SOUTH AFRICAN COMMUNISTS SPEAK(2)

This volume of documents has been produced to commemorate the 60th anniversary of the foundation of the South African Communist Party on July 30, 1921. Our Party, the oldest Communist Party on the African continent, has a long and proud history of struggle to its credit - struggle against the inhumanity and injustice of race and class oppression flowing from the pursuit of private profit, struggle for the achievement of a saner and juster non-racial and non-exploitative society in which all South Africans will enjoy equal rights and opportunities based on the common ownership of the means of production and distribution.

Officially the Communist Party of South Africa (as it was called during its legal period) was formed on July 30, 1921, with the merging at a conference in Cape Town of a number of like-minded organisations based in the main centres of the country and proclaiming the philosophy of Marxism. The most important of these founding bodies, the International Socialist League, was formed in Johannesburg in September 1915, and it was this date that was often referred to by the early leaders of the Party as its birthday. In fact, the separate existence of what we may regard as a Communist nucleus came about even earlier, in September 1914, when the true socialists within the Labour Party formed the "War on War League" inside the Party to give expression to their opposition to capitalism and war and their determination to uphold the international solidarity of labour in the fight for socialism.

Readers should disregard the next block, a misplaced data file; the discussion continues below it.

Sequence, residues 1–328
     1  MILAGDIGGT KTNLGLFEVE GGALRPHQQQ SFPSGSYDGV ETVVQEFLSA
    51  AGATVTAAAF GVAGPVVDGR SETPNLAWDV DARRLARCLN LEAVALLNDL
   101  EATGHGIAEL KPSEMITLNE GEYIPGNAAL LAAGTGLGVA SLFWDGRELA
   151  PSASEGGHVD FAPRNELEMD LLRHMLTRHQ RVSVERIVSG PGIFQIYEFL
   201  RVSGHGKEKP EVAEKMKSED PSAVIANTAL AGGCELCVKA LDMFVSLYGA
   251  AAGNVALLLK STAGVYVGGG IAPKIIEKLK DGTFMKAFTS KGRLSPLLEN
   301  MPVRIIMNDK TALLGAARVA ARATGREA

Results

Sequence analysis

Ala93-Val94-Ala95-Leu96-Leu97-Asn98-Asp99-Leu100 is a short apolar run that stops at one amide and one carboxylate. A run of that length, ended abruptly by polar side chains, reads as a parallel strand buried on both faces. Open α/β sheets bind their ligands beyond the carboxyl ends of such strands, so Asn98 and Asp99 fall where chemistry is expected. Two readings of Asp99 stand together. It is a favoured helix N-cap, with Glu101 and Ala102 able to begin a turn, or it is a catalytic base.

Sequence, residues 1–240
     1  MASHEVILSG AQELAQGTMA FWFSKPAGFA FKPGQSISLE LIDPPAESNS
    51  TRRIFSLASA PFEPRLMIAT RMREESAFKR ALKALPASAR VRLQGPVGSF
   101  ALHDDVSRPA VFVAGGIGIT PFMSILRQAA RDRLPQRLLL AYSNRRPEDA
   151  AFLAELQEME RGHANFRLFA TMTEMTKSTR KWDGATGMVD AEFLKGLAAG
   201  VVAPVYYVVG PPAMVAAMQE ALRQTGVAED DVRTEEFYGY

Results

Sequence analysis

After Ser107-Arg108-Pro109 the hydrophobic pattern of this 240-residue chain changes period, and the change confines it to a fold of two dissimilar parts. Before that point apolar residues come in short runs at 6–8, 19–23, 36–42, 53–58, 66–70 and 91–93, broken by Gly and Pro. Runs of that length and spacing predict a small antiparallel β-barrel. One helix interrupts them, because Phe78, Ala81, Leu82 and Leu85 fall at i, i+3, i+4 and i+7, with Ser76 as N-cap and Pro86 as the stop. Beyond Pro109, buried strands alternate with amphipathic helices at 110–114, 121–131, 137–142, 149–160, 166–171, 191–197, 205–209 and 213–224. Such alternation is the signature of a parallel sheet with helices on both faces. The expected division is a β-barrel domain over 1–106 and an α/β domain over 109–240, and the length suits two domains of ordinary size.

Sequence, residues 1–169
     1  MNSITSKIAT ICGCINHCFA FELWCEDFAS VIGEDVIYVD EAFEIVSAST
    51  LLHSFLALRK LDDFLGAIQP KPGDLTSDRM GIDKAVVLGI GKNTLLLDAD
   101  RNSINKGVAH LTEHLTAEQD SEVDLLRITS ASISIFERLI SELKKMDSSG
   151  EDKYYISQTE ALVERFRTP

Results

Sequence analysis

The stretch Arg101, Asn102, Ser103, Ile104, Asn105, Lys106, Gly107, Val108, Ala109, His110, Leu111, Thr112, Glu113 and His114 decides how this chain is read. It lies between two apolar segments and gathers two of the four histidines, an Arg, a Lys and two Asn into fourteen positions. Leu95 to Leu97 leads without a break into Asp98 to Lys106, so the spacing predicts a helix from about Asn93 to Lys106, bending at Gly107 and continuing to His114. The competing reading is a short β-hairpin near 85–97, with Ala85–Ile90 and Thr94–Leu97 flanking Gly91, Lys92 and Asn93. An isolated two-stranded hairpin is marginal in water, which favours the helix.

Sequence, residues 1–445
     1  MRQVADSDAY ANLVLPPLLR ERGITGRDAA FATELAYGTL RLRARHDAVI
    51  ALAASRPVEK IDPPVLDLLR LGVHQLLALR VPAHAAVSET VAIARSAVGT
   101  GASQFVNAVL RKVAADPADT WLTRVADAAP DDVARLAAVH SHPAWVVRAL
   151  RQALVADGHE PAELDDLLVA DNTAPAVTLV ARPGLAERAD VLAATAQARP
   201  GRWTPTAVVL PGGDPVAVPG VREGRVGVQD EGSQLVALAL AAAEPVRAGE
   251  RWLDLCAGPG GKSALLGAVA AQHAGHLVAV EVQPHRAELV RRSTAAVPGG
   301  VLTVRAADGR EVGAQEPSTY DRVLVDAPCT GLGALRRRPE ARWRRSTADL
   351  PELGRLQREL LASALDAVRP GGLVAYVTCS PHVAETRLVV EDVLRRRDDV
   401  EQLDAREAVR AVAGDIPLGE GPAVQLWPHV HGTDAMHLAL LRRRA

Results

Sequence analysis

"Socialism and internationalism" - these have been the watchwords of the South African Communists from that day to the present. Above all, the socialism for which the Communists strove was not utopian but based on the scientific principles of Marxism. It was because of their adherence to Marxism that the South African Communists, who started their crusade as a minority of whites among the white minority, were able to weld together in their ranks representatives of all the various sections of the population opposed to racism, white domination and capitalist exploitation. It was because of their Marxism that the South African Communists have remained one of the staunchest components of the international Communist movement aiming at the elimination of imperialism and the achievement of a world socialist order.

It has often been argued by our opponents that Communism was brought to our country by whites and foreigners, that it is an alien importation unacceptable to the indigenous majority. Our reply to this is that the concept of the brotherhood of man, of the sharing of the fruits of the earth, is common to all humanity, black and white, east and west, and has been formulated in one form or another throughout history. As Marx and Engels put it in The Communist Manifesto:

"The theoretical conclusions of the Communists are in no way based on ideas or principles that have been invented, or discovered, by this or that would-be universal reformer. They merely express, in general terms, actual relations springing from an existing class struggle, from a historical movement going on under our very eyes."